||Montreal, Mon Amour
by Eric Miller
What is the relationship between sex and art? They are very close, yet very distant. Franz Kafka once remarked, of his feelings for a woman, that the only resolution possible was intercourse-or literature. Like many writers, male and female, he preferred literature. Dance, however, is not like writing. The whole body participates centrally and visibly in this art, making a more-or-less stylized sexuality powerfully apparent. Notoriety accrues to the person of a dancer. In the late eighteenth century, for example, Emma Hamilton's European fame arose from her capacity to strike attitudes, in a slow, intense, interpretive dance. In 1789, Goethe enthused about this woman's strange gift:
"Sir William Hamilton . . . has now, after many years of devotion to the arts and the study of nature, found the acme of these delights in the person of an English girl of twenty with a beautiful face and a perfect figure. He has had a Greek costume made for her that becomes her extremely. Dressed in this, she lets down her hair and, with a few shawls, gives so much variety to her poses, gestures, expressions, etc., that the spectator can hardly believe his eyes. He sees what thousands of artists would have liked to express realized before him in movements and surprising transformations . . . The old knight idolizes her . . . In her, he has found all the antiquities, all the profiles of Sicilian coins."
How much distinguishes Emma Hamilton's attitudes from a burlesque act? The question is not disrespectful. Or if it is, the irreverence goes directly to the heart of aesthetics. All knowledge is carnal. So-called exotic dancing may often qualify as art, because (other circumstances aside) it can manifest talent as well as beauty. Although stripping sometimes succeeds as art, actual physical consummation of the desire aroused by this art may disappoint. Richard Lippman, the young Montreal-dwelling hero of William Weintraub's comic novel Crazy About Lili, never consummates his love for the striptease artist Lili L'Amour. In a certain sense the novel, with its delightfully turned sentences, exists as a result of this long non-consummation. In the world of the novel itself, Richard's yearning motivates his bad but copious poetry.
When, in 1948, Richard first sets eyes on Lili L'Amour, she is playing Marie Antoinette, facing death in 1793:
"Seeing the guillotine, Lili recoiled in horror. She retreated to a corner of the stage and stood there, trembling, as the music became quiveringly plaintive. But then a smile came to her lips. She had a plan. As the music quickened, she glided to the centre of the stage, took off her huge hat, and hurled it into the wings. The audience immediately understood her strategy. She would reveal her naked body to the Executioner, who would be so overwhelmed by her beauty that he would have to pardon her. And beautiful she certainly was, more beautiful than any woman, or any photo of any woman, that Richard had ever seen."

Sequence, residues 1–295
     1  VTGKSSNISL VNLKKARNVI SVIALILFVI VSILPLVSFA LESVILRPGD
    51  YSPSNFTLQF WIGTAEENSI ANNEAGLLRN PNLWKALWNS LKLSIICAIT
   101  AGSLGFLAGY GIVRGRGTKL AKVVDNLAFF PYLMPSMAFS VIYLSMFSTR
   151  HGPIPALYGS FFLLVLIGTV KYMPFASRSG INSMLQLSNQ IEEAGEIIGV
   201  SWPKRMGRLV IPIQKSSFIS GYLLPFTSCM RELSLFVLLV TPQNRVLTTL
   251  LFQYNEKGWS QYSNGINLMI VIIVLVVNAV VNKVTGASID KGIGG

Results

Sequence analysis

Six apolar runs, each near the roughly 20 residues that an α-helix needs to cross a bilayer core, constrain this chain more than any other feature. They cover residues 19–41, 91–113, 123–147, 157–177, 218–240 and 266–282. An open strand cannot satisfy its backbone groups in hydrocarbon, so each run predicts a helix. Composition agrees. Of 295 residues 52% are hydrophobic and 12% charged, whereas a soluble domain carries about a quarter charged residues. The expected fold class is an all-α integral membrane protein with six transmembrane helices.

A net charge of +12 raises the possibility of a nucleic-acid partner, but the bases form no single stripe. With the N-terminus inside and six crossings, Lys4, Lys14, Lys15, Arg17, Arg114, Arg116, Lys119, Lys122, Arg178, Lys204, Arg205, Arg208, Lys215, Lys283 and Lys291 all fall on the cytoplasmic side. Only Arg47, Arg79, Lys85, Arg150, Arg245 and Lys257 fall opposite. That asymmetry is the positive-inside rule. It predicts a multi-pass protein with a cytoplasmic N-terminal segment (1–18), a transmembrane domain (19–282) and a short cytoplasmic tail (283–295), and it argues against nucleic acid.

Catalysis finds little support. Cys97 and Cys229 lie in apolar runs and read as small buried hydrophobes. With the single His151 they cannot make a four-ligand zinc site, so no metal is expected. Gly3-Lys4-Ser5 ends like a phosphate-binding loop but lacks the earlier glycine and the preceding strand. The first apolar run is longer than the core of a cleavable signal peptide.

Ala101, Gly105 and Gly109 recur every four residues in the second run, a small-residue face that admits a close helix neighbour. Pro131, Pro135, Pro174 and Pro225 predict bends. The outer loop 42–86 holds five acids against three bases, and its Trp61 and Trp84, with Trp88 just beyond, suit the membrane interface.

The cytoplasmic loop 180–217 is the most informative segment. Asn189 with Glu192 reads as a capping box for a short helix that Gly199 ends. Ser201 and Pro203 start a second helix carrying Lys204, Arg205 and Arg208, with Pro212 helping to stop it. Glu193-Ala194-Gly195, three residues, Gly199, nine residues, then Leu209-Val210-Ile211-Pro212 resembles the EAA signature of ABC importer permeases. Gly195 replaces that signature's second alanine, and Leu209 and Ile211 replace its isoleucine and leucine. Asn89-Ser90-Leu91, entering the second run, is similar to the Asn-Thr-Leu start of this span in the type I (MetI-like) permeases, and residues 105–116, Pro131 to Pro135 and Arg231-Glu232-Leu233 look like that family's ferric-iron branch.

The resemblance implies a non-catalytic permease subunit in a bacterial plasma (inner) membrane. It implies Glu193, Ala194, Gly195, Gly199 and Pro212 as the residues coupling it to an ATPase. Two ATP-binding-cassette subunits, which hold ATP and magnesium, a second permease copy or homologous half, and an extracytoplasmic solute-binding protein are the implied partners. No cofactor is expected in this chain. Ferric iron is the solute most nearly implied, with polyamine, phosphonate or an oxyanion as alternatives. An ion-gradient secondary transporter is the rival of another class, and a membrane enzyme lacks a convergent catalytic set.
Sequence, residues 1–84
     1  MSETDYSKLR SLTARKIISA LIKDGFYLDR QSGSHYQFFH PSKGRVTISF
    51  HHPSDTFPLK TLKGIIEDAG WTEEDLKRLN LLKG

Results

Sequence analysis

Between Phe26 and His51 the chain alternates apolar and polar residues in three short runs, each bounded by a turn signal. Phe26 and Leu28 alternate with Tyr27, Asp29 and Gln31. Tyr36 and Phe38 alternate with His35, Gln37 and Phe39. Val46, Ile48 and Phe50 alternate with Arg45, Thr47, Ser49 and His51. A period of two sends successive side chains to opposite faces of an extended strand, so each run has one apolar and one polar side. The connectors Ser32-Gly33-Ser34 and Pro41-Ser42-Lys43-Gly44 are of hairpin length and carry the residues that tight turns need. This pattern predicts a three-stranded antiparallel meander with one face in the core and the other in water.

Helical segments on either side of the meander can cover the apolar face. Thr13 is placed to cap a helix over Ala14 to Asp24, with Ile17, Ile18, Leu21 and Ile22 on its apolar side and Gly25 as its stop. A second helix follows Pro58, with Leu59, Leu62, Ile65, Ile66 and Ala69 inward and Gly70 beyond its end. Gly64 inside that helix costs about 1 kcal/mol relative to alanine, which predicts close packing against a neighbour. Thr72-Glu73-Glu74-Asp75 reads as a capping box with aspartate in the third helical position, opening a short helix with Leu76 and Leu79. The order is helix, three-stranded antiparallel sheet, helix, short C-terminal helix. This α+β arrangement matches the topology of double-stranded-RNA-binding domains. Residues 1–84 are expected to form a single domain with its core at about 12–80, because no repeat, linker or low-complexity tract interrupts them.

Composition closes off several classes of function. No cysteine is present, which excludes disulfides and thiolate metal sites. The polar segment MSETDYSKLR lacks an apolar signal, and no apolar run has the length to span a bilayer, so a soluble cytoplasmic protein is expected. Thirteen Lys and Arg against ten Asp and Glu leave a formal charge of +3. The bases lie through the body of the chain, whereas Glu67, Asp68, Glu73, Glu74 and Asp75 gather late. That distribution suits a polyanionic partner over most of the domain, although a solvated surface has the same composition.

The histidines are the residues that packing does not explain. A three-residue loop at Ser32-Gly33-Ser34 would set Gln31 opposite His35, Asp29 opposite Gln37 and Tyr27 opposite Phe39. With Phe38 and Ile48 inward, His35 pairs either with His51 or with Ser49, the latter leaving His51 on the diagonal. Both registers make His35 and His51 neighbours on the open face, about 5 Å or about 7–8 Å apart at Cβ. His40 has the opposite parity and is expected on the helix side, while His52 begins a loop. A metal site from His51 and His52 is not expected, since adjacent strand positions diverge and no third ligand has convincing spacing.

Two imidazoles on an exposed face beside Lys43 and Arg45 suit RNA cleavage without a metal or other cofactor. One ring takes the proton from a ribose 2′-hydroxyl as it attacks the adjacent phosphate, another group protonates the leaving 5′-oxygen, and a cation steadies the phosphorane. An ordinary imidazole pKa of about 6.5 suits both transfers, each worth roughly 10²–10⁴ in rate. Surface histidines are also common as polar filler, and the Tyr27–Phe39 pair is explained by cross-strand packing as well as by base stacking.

This Marie Antoinette gets a reprieve from death: beauty, eventually naked of all but legally mandated pasties and a G-string, dances free of the doom of history. In something of the same way, Weintraub's novel rescues the Montreal of the 1940s, preserving the feel of its history while comically modifying that history-to redeem it, in part, from its real inherent violence.
Although she is not a resident Montrealer, the vivid Lili incarnates many aspects of her place and time, which had its liabilities: anti-Semitism and sexism, WASP supremacy, francophone bigotry and the padlock law. These make identifiable appearances in Weintraub's story, but their cruelty occupies the periphery of events, and they exist for the most part as impulsions for narrative energy, shapers of choice and character. Weintraub's writing is consistently droll as he mocks youth (especially male youth), the Catholic church, Montreal's anglo establishment, champagne socialists and other targets. Yet he is virtually never unkind. He writes farce, but farce given a weightless weight by the particularity of its details. Crazy About Lili is neither politically correct nor politically incorrect; instead it is (for the most part) literarily correct, fulfilling the amusing obligations of farce, while grounding its humour in fact. As we laugh we learn, for example, that gramophones in the 1940s sometimes operated with needles made from cactus spines, that the use of such needles implied poverty and that the preferable steel needles had the brand name Spearpoint. We are present at such auspicious moments as the inaugural marketing of the electric can opener. We learn the name of the dancer who managed to swing the tassels attached to her breasts in different directions, simultaneously (Ginger Snapp, the Texas Tornado). To the reader who consents to the rules of the genre in which Weintraub works, there is much pleasure to be had from his novel.
Note: the quotation from Goethe is modified from Edgar Vincent's Nelson: Love & Fame.
Eric Miller's second book of poetry, In the Scaffolding, appeared in 2005.